Bicycle Built for Two: La Jolla couple go tandem across the country for class reunion

Hank and Carolyn Peterson start their 9-month, cross-country journey at La Jolla shores Jan. 11 and ended up in Boston Sept. 14 for Hank’s 50th high school reunion. Courtesy
Hank and Carolyn Peterson start their 9-month, cross-country journey at La Jolla shores Jan. 11 and ended up in Boston Sept. 14 for Hank’s 50th high school reunion. Courtesy

By Ashley Mackin

When it came time for Hank Peterson’s 50th high school reunion outside Boston this year, he and his wife Carolyn wanted to make a “real” road trip of it and see the United States. So the La Jolla couple did just that — pedaling across the country on a tandem bike.

“You see a lot a more when you are riding and get a lot more interaction with the people, and we do a lot of bicycling,” Hank said. “We’ve done trips and explored other parts of the United States, but this was by far the biggest trip we’ve done.”

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Hank and Carolyn Peterson start their 9-month, cross-country journey at La Jolla shores Jan. 11 and ended up in Boston Sept. 14 for Hank’s 50th high school reunion. Courtesy

Departing Jan. 11, they had several spots they wanted to visit — and avoid — at specific times on the trip, Hank said. “We wanted to be in Houston in March for our grandson’s second birthday and then wanted to be outside Boston Sept. 14 for my reunion.”

He joked that they wanted to be clear of the Mississippi heat by July.

So they planned a route using a map provided by the Adventure Cycling Association, which has mapped some 40,000 miles of bike routes across the country. They went from La Jolla Shores to Florida, and then up through Washington, D.C. to upstate New York (where Carolyn’s brother lives), before making their way to Boston.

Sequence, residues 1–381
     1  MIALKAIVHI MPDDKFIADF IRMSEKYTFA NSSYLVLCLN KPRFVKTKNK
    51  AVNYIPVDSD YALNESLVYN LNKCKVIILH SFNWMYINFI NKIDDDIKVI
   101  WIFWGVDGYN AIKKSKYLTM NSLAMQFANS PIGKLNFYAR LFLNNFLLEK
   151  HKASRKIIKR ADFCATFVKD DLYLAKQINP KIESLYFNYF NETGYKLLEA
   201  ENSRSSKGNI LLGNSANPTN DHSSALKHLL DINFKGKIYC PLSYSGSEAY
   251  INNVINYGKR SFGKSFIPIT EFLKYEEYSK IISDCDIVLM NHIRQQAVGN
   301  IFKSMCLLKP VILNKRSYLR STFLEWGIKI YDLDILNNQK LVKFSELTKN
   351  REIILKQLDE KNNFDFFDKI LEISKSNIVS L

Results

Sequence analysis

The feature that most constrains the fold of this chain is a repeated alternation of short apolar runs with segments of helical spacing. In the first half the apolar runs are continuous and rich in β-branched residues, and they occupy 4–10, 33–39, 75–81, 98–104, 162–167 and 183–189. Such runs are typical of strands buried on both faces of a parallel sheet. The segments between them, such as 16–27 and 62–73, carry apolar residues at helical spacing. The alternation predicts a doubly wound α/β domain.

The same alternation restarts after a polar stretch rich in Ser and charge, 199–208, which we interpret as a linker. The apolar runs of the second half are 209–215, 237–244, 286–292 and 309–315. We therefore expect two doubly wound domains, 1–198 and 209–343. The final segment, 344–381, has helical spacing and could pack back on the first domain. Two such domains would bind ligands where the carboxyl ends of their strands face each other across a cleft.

Talk about a story to tell at your high school reunion!

Carolyn said when they completed the journey and told people what they had done, the Petersons would get half-attentive responses, but 10 seconds later, people would say, “Wait! You did what?”

To best accommodate each of their skill levels, Hank and Carolyn rode tandem. “The reason for riding tandem is that I’m a much stronger cyclist than my wife is, so we can do some challenging rides and we’ll get there at the same time,” Hank said, admitting the trip and its vehicle were his idea.

The twosome has taken tandem trips several times over the last 10 years, including trips across Europe, Napa Valley and the Oregon coast. “The Oregon trip was the prototype for this ride in terms of what we would take as far as gear and clothing,” Hank said.

Determining they could not take much, they established a network of friends (other cyclists and people they’ve stayed with in the past), so they could mail a box of clothes and supplies from place to place. The box went from San Diego to Texas to Washington, D.C. to South Carolina to Boston.

While having an organized plan, including a route and a schedule, is important, being flexible is just as important, Carolyn said.

She said because it was just the two of them, they were able to adjust the trip as needed. For example, Carolyn said if the weather was bad or if one of them wasn’t feeling well, they would wait it out wherever they were.

“People would ask ‘what do you do if it’s a bad rain day?’ ” Carolyn said. “I would answer, ‘you walk up to the front desk and extend your reservation.’ ”

Further, when Hank was looking at the routes, he noted that one section of the trip in New Mexico would be particularly challenging because of the mileage and the terrain. When Carolyn saw the proposed route, she said, “We can’t do that ... next!”

So they went another way that was better suited to their abilities. The Petersons, in their silver years, are confident in their biking skills, especially Hank. “I’ve always been pretty athletic. In my 40s, I had difficulties running, so I took up cycling,” he said. However, they did have one special experience involving a tandem bike 45 years ago: Hank rented one for their honeymoon.

   
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